Sangrey serves the Fourth Unitarian Society of Westchester, New York. When Jason West, mayor of nearby New Paltz, was served with a court injunction forbidding him to solemnize any more same-sex marriages, his aides began to cancel weddings they already scheduled. One of those couples included Sangrey’s friend Rev. Kay Greenleaf, who volunteered to fill in for West. Greenleaf asked Sangrey for help, and together they married thirteen couples in front of some 200 well-wishers—and the local police. After confirming that Sangrey and Greenleaf were breaking the law, the county district attorney issues arrest warrants. Misdemeanor criminal charges were delivered to her lawyer—“no handcuffs, no drama”—and Sangrey expects to go to trial this summer. She continues to perform weddings and to speak publicly, “I’m grateful to have been, almost by accident, a part of this,” Sangrey says. “And if the good citizens of New Paltz decide I need to spend a year in jail to demonstrate my convictions, I am willing to do it. I needed to be able to look in the eyes of gay couples and say, ‘Your love is just as good.’”
Marriage Rights, or Wrongs?
That’s not a view typically embraced by opponents of gay marriage. While all alumnae opposed to same-sex marriage interviewed for this article emphasized that they don’t disparage homosexuals as individuals, some clearly disapprove of both gay marriage and homosexuality itself.
In one of her letters to the Cheboygan Daily Tribute, Cynthia Taylor Curtis ’60 wrote, God “has forbidden homosexual behavior since He first gave us His law… and no nation in history which has embraced such behavior has survived. It could not. Sadly, those who pretend that God’s unchangeable law is not for them hurt not only themselves but also those around them.” She finds attempts to institute same-sex marriage “a very sad move” that will harm individuals, families, and marriage itself. She speaks of praying for guidance about presenting her message in a way that will “connect with people’s hearts,” and says, “as God designed, only the mating of a man and a woman can reproduce the species. Not much is being said about kids, but they are our future. Research shows that they thrive best in a stable home with a mother and father. To subject future generations to a chaotic alternative will lead to societal meltdown at every level.”
“Redefining [marriage] through humanly devised legislation and practice cannot change the natural laws of gravity… and would only be destructive to the foundations of our culture and country,” says Elizabeth Tuttle Claver ’69. As a leader in the United Church of Christ’s Biblical Witness Fellowship, she has written frequently to churches and legislators urging the retention of the traditional definitions of marriage. She feels strongly that “marriage is not a political or a civil-rights issue because it is part of God’s natural moral order.”The intersection of God’s moral order and civil rights is something youth minister Amy Auzenne ’97 ponders. “I’m African American, and so much of what’s been said about same-sex marriage echoes things people said about desegregation or interracial marriage. So it’s forced me to consider if this issue is different.” Her conclusion: “We need to make sure people ate treated fairly, but I don’t think the answer to [discrimination] is redefining marriage.” As coordinator of youth ministry for a Catholic church in Houston, Auzenne frequently answers questions about the Catholic perspective on marriage. “The state may grant you certain privileges based on [marriage], but it’s the church that sanctifies the marriage,” she explains. “I tell my young people that a same-sex relationship can be many things, but it cannot be a marriage.”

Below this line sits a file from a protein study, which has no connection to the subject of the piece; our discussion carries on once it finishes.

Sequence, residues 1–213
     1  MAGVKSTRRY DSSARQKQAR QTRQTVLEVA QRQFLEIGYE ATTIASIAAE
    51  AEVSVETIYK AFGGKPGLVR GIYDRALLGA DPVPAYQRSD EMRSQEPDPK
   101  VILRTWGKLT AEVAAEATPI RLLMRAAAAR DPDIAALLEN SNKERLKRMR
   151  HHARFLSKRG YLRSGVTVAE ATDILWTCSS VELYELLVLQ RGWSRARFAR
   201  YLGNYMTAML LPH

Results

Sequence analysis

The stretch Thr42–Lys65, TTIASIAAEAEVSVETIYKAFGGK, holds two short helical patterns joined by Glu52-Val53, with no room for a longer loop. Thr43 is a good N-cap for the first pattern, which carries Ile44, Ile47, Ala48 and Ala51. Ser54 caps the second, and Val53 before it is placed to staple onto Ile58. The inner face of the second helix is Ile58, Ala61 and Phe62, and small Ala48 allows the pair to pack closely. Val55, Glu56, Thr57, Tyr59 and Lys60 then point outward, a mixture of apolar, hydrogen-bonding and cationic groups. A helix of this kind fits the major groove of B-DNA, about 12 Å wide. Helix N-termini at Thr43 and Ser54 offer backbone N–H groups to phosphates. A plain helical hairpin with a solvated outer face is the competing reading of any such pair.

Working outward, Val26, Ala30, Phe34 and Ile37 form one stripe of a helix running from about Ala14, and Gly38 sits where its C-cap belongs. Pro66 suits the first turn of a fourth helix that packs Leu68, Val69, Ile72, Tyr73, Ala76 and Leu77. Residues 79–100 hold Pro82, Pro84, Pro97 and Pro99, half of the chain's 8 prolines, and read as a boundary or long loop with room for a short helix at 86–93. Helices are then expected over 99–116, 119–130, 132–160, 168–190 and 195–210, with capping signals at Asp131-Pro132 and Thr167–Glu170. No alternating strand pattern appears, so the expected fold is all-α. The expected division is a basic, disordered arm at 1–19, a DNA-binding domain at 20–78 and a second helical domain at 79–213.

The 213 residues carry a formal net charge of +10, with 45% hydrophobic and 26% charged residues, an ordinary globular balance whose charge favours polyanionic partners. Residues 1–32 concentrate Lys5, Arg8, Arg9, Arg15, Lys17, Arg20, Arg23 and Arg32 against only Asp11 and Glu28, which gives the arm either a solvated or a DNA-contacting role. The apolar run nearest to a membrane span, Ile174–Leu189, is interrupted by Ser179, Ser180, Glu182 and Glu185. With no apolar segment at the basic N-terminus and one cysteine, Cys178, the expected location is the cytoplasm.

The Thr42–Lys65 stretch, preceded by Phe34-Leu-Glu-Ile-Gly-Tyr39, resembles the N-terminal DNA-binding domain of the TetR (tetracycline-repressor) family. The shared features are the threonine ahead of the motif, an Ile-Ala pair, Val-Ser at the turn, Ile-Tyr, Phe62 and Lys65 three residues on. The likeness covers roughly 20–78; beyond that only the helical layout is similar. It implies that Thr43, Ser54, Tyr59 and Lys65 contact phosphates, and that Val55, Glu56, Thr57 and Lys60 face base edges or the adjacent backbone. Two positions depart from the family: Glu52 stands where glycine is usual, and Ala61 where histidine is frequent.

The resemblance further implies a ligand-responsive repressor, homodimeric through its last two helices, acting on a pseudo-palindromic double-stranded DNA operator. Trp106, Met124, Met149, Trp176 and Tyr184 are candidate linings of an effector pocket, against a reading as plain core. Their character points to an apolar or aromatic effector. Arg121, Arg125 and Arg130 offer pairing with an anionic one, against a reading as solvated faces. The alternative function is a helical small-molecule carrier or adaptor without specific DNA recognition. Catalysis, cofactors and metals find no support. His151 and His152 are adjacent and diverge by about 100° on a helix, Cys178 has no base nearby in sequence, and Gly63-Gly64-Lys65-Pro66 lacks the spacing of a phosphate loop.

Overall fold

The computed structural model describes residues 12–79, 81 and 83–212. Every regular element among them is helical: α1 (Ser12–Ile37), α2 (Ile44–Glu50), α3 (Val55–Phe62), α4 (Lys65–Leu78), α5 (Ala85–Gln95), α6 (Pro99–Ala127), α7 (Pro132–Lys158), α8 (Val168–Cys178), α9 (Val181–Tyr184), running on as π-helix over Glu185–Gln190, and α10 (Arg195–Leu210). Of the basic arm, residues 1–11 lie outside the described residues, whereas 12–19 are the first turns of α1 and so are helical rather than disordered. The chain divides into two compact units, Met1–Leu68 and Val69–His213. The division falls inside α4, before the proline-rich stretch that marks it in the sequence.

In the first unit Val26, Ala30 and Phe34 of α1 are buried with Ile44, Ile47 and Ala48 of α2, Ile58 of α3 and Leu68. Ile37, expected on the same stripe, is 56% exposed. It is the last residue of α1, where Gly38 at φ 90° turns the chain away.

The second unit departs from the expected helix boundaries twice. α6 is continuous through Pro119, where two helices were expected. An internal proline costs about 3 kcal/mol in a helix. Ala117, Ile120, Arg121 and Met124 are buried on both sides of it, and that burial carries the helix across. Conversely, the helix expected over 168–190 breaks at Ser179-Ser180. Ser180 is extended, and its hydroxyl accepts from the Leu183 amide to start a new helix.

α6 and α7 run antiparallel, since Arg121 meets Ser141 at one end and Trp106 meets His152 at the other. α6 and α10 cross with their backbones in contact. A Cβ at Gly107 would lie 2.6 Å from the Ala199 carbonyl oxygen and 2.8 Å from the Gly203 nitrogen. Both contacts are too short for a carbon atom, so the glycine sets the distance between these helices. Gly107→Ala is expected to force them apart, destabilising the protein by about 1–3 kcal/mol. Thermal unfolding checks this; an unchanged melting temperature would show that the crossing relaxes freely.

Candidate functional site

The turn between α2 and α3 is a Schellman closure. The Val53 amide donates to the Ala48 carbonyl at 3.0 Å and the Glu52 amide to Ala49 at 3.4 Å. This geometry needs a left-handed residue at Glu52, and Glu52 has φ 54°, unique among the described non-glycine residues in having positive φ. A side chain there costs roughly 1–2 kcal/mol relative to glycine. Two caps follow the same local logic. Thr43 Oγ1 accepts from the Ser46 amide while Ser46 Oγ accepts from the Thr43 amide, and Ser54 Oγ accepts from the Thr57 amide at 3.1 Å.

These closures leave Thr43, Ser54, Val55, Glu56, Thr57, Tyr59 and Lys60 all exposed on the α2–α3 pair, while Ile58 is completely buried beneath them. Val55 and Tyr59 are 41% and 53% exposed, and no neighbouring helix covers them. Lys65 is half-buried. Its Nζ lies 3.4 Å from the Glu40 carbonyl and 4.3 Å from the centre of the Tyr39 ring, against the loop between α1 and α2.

“A lot of the issues that people pushing for same-sex marriage are bringing up are valid,” she acknowledges. But she hopes that, instead of redefining marriage, legislators will “pass laws that allow people to decide who they want to visit them in the hospital, to be covered under their heath insurance, and to make life-or-death decisions for them. Such laws would benefit everyone.”
“Lots of my young people are fairly homophobic,” Auzenne explains. “My role is to explain what the church teaches and to help them develop compassion for people who are different from them, but who are called to live the Gospel just as they are called.” She considers her youth ministry “my activism, empowering them and giving them knowledge to have respectful conversations about the issue.” She adds, “This is Texas; you aren’t going to see the mayor marrying same-sex couples on the steps of city hall any time soon!”
I tell my young people that a same-sex relationship may be many things, but it cannot be a marriage.
Amy Auzenne ’97
Probably true, but legal marriage is precisely what some gay and lesbian couples are anxiously awaiting—and not just for romantic reasons. According to the Human Rights Campaign, a pro-gay-marriage group, married couples receive some 1,000 federal legal benefits. “Money and legal rights” are the bottom line for Margo Burns ’79, who had a 2001 civil union in Vermont with Marilyn Lloyd. “Last year, for example, I added her to my health insurance. We had to prove that we cohabitated for at least one year before they would allow it. Heterosexual couples only need their marriage license, and coverage starts immediately,” Burns says. “Then there’s the health insurance. [Due to differences in policies affecting gay and straight couples], I pay taxes on $4,000 more annually than my heterosexual counterparts.” Nancy Skinner Nordhoff ’54, an MHC trustee who founded a writers’ retreat in Washington State, says she and her partner of fifteen years, Lynn Hays, want “the common benefits and protections available to married couples, such as estate planning and how a hospital treats a patient’s partner. I’ve talked to my attorney about distribution of my property and asked if this will hold up [legally], but I’m not sure I can trust him. It would give me much more security knowing that what we built together would be passed on.”